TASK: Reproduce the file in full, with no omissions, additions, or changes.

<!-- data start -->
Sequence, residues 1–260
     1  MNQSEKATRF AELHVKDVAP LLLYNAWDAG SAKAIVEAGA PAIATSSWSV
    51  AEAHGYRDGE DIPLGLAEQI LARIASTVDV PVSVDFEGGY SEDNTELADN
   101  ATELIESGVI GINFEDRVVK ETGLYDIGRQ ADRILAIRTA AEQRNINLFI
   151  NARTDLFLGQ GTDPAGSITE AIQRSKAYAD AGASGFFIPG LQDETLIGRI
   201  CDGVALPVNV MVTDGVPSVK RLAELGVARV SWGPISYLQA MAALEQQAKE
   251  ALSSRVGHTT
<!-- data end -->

Sequence, residues 1–260
     1  MNQSEKATRF AELHVKDVAP LLLYNAWDAG SAKAIVEAGA PAIATSSWSV
    51  AEAHGYRDGE DIPLGLAEQI LARIASTVDV PVSVDFEGGY SEDNTELADN
   101  ATELIESGVI GINFEDRVVK ETGLYDIGRQ ADRILAIRTA AEQRNINLFI
   151  NARTDLFLGQ GTDPAGSITE AIQRSKAYAD AGASGFFIPG LQDETLIGRI
   201  CDGVALPVNV MVTDGVPSVK RLAELGVARV SWGPISYLQA MAALEQQAKE
   251  ALSSRVGHTT